Sunday 19th May
CSO puts on show of world-class quality - Review (The Press)
Reviewed by Patrick Shepherd. First published on Press.co.nz on 19th May
Lamb & Hayward Masterworks: Triumph
Benjamin Northey Chief Conductor
Benjamin Morrison Violin
Douglas Lilburn Auditorium, Town Hall, May 18
There's nothing a Christchurch audience likes quite so much as hearing one of their own produce a performance of world-class quality. The concert couldn't have had been better named because Benjamin Morrison's account of Korngold's Violin Concerto in D Major was precisely that, a real triumph.
It was a memorable trip home for this young performer making his mark on the world stage as a violinist with the Vienna Philharmonic and Vienna State Opera.
A mixture of orchestration that was both textbook traditional, early 20th century and Hollywood, with melodic ideas drawn from a similar spectrum, Korngold's concerto is immediately accessible and Morrison relished the overt lyricism of the predominantly high-altitude melodies.
His playing really sang and drove the work right from the outset, flawlessly melodious and warm in tone. He projected perfectly, cutting through the backdrop of the orchestra with an intense sound, never putting a foot wrong with the technical demands of the work.
I liked the dream-like quality in the central section of the slow movement, the solo lines mirrored by the woodwind seamlessly. In the final movement the energy never let up, Morrison again busy with finger-twisting scales and acrobatics that moved through subtle harmonic shifts, requiring a huge amount of stamina and skill given that the soloist is omnipresent.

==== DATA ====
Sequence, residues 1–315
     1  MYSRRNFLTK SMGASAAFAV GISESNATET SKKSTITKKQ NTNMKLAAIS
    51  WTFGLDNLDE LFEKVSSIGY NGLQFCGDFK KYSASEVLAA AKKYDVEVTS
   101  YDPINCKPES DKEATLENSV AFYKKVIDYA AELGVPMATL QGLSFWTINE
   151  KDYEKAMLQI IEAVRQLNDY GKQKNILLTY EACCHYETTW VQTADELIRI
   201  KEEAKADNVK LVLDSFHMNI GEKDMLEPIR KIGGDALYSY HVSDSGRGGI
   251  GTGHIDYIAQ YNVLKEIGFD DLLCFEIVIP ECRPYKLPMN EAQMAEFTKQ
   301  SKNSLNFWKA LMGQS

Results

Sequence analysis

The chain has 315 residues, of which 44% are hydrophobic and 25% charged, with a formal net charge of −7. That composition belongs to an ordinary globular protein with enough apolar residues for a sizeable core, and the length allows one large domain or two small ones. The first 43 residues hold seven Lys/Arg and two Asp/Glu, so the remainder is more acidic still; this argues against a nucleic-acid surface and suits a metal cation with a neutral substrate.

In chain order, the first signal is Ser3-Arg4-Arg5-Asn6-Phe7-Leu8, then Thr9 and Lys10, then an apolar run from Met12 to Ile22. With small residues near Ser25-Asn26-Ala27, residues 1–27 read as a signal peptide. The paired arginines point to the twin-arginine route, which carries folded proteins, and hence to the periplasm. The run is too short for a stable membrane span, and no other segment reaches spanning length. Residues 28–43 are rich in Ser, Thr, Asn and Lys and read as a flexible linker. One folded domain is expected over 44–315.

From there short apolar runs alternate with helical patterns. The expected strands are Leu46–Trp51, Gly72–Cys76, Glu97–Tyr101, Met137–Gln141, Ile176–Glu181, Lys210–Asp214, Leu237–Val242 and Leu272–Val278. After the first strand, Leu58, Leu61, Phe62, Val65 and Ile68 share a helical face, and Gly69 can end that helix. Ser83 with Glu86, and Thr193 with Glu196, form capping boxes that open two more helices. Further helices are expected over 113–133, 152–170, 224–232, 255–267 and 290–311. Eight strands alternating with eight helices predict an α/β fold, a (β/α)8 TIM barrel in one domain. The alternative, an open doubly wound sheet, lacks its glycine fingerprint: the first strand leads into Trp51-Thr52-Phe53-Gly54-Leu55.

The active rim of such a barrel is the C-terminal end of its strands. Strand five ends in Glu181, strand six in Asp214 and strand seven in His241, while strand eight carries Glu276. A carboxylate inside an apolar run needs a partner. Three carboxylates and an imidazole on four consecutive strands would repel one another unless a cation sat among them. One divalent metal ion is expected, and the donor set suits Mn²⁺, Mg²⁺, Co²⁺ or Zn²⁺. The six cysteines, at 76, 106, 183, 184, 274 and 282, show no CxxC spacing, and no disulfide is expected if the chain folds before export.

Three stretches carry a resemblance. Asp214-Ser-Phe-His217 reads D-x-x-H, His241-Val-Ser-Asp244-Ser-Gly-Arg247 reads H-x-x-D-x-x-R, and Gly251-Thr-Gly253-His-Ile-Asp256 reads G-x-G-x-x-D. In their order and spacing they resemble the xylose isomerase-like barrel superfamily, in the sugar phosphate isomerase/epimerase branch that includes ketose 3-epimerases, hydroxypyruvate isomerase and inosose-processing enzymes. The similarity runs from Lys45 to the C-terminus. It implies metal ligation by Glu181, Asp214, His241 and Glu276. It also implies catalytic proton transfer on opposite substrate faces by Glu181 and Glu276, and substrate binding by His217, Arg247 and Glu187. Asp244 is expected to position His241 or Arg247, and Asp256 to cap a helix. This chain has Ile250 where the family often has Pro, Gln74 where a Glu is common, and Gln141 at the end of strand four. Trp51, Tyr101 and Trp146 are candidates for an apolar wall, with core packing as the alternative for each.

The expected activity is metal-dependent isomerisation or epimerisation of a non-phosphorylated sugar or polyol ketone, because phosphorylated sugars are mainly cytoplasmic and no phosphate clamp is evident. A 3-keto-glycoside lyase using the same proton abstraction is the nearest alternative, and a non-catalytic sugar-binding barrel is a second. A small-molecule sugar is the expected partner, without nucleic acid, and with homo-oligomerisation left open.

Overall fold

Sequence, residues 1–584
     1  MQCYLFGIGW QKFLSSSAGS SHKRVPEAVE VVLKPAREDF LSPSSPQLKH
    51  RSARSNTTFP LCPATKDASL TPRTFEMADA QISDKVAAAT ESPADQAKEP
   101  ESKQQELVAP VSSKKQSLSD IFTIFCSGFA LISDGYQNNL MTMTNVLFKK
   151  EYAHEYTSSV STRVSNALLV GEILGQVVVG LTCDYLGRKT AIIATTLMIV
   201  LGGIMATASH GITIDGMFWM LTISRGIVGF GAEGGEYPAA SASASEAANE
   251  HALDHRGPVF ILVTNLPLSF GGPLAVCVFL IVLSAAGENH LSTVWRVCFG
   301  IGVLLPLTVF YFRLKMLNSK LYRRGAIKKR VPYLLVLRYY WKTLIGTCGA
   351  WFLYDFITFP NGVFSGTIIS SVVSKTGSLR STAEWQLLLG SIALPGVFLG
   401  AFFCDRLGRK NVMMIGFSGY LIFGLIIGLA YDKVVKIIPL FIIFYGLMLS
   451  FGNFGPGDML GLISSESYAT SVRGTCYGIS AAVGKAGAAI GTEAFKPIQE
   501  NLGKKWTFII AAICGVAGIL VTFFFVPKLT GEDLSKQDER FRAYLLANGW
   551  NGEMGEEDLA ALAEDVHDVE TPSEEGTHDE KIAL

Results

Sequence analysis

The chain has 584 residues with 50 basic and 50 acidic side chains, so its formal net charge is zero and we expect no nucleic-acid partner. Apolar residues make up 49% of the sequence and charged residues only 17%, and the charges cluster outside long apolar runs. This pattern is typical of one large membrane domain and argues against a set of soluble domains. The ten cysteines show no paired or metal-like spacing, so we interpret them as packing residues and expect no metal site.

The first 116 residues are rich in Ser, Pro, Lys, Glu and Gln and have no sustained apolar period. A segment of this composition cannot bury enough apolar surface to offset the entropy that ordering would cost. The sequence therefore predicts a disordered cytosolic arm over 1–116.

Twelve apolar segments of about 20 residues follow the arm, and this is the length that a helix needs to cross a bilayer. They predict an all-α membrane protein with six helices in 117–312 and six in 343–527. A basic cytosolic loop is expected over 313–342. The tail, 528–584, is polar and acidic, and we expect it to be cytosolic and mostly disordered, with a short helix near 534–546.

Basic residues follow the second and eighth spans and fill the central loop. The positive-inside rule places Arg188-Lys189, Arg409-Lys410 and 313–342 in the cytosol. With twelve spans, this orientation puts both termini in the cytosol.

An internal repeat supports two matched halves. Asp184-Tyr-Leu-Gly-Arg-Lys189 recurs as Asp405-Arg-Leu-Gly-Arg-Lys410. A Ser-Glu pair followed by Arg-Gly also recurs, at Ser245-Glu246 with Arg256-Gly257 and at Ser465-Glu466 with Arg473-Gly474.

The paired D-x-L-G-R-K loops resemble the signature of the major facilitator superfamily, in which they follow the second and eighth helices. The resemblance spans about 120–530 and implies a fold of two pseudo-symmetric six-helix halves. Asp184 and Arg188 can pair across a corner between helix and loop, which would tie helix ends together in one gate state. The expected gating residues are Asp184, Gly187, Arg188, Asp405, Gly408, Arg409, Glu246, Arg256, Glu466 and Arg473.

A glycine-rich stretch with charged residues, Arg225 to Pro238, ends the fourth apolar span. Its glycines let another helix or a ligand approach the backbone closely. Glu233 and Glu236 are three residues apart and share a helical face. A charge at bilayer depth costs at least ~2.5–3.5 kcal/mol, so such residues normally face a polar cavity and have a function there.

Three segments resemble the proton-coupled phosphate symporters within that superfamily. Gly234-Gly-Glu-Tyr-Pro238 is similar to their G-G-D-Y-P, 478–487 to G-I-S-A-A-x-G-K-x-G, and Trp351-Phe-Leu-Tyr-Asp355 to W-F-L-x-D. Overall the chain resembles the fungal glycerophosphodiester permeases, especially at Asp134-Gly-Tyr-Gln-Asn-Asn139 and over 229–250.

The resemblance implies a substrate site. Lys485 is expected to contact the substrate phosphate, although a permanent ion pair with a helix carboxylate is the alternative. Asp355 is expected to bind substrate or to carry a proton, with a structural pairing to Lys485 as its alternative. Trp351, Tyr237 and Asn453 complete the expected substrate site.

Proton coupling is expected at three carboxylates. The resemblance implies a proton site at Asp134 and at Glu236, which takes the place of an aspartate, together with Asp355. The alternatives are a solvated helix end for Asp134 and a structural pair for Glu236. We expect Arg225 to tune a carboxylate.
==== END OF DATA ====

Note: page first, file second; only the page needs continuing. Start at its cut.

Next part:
As he always does, Benjamin Northey ensured absolute connectivity and communication between soloist and orchestra throughout.
While Morrison's performance was a definite highlight, the Mendelssohn and Beethoven were by no means programme fillers.
Mendelssohn's Calm Sea and Prosperous Voyage is a little gem of a work, not heard that much but equal to its more popular counterparts.
Balance was good, the surges imitating the sea swell were tastefully done and the brief flute cameo and dramatic timpani worthy of mention.
The orchestra's account of Beethoven's Symphony no. 7 was excellent, Northey bringing some fresh new perspectives to this much-loved work.
There was a real feeling of restrained energy in the opening of the first movement which, when it was released, was exhilarating.
I liked how the orchestra approached the shock chord motif and how that figure came back, often in very subtle ways, throughout the work. Northey ensured that the solemnity of the second movement was never laboured in a tempo that always moved forward, the strings achieving some very delicate dynamics.
I loved the wind band sound achieved by the woodwind in the third movement on the brief crescendos, a really nice effect, and the trumpets and timpani were spot on with entries where there was simply nowhere to hide.
In the final Allegro con brio Northey set an uncompromising tempo that followed through to the end, the horns adding a regal touch and flashes of colour.